"Sex at Dawn" and the future of the polyamory movement
"Sex At Dawn is the single most important book about human sexuality since Alfred Kinsey unleashed Sexual Behavior in the Human Male on the American public in 1948."
"This summer a new book, Sex At Dawn, created something of a pop-anthropology craze. The co-authors Christopher Ryan and Cacilda Jethá — a husband and wife duo — argue that the human organism is designed to seek sexual variety and cite adultery amongst our ancestors across all cultures and eras...."
—The Independent, London
Whether or not this book will really make such a splash in the wider world, I believe it is the most important thing to happen for the polyamory-awareness movement in a very long time.
Brief recap: Sex at Dawn: The Prehistoric Origins of Modern Sexuality makes a powerfully documented case that for a million years or more, our hunter-gatherer ancestors evolved with an easy-going, egalitarian, polyamorous approach to sex and relationships. This aspect of human nature was overridden and denied beginning relatively recently, when the invention of agriculture got large-scale civilization going. But modern anthropology has exposed our past and our evolved nature and made them undeniable, overthrowing the "standard model" that humans are naturally monogamous — much the way (says co-author Christopher Ryan) that accurate measurements of how the planets moved finally overthrew the increasingly awkward pre-Copernican model of the solar system.
Despite its fast, breezy style, the book provides a massive scientific underpinning to what we polys have been saying for years. It blows away the conventional wisdom that multiple relationships are unnatural or cannot fit with jealous human nature. In fact, it reverses the human-nature argument 180 degrees. No future discussion of the anthropology of sex will be able to ignore this work.
Why does it matter so much to us?
For most of the polyamory movement's 30-year history, advocates who have sought to give poly a theoretical foundation have generally turned to New Age or spiritual philosophies, involving things like the limitless nature of love, the spiritual heart of the universe, and other concepts that I find fairy-taley and unproductive. By unproductive I mean that theories built on them never seem to lead anywhere predictive or useful, as a meaningful theory must.
Ryan and Jethá have now given us a theoretical underpinning that is concrete, scientific, and evidence-based. They show that polyamory matches what human nature actually evolved to be. Seen in this light, the modern, ethical, egalitarian version of poly offers a path to a saner future — in which humans are not so perpetually conflicted with themselves, and are less driven by the insatiable needs and neuroses that in many ways are causing us to ruin the world.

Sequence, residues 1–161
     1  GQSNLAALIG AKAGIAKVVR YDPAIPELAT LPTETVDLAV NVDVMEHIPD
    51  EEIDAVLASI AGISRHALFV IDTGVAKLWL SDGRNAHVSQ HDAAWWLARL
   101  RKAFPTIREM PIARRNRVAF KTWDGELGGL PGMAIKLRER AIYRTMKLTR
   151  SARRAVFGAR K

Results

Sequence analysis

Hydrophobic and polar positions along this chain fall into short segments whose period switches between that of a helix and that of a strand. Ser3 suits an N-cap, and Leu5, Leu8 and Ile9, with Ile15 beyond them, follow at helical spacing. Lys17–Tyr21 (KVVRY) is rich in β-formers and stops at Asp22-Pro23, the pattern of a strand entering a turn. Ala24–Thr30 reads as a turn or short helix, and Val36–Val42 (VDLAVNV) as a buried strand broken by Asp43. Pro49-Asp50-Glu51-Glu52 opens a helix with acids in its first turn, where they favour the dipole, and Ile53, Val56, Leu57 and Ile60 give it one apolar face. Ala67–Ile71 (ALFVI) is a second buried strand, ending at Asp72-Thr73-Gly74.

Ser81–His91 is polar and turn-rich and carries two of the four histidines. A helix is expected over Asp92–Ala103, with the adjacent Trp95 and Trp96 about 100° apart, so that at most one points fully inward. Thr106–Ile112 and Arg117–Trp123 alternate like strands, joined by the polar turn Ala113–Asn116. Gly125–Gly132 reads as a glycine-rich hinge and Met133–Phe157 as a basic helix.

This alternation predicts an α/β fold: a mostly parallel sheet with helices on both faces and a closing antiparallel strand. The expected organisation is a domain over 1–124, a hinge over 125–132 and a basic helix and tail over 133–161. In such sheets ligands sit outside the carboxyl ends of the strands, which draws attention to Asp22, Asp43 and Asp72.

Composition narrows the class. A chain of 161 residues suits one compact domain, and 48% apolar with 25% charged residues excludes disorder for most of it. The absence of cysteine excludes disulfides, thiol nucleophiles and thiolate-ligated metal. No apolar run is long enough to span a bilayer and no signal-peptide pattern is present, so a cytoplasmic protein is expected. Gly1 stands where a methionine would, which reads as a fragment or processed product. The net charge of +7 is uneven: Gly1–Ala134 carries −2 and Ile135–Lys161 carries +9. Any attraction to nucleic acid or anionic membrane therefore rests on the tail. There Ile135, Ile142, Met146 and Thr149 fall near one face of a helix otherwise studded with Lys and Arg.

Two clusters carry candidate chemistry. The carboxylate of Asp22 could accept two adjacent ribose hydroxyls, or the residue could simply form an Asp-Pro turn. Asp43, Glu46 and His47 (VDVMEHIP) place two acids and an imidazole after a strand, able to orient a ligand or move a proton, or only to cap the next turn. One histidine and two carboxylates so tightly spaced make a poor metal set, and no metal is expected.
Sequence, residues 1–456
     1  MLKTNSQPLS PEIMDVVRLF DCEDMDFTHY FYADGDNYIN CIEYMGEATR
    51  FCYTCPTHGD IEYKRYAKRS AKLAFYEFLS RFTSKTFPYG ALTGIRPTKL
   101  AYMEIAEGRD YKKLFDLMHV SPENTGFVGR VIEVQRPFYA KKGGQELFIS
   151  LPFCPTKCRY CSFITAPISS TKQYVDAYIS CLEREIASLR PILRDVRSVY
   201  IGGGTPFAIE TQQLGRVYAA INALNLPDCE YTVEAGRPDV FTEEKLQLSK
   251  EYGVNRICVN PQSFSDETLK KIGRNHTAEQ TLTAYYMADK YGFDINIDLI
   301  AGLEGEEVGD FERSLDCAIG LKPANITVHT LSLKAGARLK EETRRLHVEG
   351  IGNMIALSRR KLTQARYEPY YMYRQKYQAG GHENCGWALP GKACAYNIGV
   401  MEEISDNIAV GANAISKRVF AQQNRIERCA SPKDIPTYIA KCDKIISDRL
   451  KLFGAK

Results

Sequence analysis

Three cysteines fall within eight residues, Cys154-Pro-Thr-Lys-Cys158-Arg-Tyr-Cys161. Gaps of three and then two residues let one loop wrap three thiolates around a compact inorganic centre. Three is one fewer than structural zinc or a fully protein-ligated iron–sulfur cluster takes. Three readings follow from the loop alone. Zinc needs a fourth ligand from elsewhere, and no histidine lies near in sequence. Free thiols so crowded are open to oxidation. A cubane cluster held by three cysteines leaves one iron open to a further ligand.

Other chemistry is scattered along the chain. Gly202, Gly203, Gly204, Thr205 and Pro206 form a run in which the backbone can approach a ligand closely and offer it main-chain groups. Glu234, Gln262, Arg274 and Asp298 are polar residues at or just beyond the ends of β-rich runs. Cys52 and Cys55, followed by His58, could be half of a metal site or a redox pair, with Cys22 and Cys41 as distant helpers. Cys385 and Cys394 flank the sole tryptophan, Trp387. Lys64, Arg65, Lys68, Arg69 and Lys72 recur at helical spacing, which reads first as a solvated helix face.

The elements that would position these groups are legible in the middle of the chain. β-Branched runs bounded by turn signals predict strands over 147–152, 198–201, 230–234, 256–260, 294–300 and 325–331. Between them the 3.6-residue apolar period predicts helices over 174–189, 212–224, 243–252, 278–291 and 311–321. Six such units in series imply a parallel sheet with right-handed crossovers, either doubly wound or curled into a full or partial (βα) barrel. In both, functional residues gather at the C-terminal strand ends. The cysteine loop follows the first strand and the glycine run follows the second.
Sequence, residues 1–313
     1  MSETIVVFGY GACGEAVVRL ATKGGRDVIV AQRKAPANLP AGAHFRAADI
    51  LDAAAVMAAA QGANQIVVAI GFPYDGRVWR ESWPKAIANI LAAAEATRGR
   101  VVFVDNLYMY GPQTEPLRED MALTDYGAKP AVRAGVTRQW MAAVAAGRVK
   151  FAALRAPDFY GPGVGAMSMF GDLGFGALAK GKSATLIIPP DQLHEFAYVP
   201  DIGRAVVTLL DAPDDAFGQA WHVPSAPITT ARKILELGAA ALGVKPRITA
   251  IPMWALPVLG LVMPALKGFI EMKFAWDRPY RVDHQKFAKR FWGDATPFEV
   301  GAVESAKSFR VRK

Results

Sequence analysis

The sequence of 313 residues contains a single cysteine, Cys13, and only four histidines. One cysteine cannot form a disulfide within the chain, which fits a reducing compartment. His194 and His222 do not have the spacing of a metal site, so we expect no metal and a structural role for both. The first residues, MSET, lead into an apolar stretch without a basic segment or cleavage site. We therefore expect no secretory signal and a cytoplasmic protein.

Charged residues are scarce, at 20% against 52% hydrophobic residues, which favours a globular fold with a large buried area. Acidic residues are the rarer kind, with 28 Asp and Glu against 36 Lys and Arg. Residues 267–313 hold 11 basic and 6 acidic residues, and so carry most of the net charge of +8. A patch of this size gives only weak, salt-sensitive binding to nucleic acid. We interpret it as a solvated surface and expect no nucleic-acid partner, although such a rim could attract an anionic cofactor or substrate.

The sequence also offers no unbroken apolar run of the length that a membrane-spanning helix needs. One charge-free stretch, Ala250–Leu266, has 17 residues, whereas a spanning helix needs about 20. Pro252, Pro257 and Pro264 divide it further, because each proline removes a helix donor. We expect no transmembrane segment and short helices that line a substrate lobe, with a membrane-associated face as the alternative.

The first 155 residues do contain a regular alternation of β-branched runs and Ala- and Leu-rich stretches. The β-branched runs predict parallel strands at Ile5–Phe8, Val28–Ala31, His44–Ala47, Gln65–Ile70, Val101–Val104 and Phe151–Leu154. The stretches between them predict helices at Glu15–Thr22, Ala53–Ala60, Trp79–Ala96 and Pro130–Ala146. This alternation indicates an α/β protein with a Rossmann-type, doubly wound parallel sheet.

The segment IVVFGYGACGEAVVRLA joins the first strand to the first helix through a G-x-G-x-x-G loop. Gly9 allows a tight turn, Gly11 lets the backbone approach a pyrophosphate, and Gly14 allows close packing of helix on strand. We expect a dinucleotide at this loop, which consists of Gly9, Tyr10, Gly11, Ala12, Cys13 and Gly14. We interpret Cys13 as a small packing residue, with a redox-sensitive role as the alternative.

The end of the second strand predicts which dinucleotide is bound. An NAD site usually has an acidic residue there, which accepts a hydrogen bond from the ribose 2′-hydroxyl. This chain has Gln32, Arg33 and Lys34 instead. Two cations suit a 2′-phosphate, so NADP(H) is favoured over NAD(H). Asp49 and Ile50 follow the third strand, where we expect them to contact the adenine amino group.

Yes, it's an important book.
Its impact on the poly awareness and acceptance movement isn't yet fully felt. Look in the book's index, and the word polyamory only appears on a few pages in the last chapter where the authors speculate about the future. In interviews, Ryan has said repeatedly that they don't really know what their findings imply for how people should handle their lives. Except they do say that couples should discuss from the start whether they want an open or closed relationship, and that everyone should realize that choosing monogamy means choosing a path that will become inherently difficult (though achievable), rather like choosing a life of celibacy or vegetarianism (both of which are unnatural but achievable).
Sound familiar? The need to have forthright relationship discussions, and to make deliberate relationship choices, is what the poly-awareness movement advocates. For instance, that's the gist of the position that the Polyamory Leadership Network agreed upon at its meeting last February. If anything, we are readier than Sex at Dawn to say that monogamy is the natural, hard-wired choice for many people.
At any rate, I think we're a little ahead of the Sex at Dawn authors in exploring how our true, ancestral nature can fit happily into modern civilization. And perhaps make civilization a little more sane place to be.
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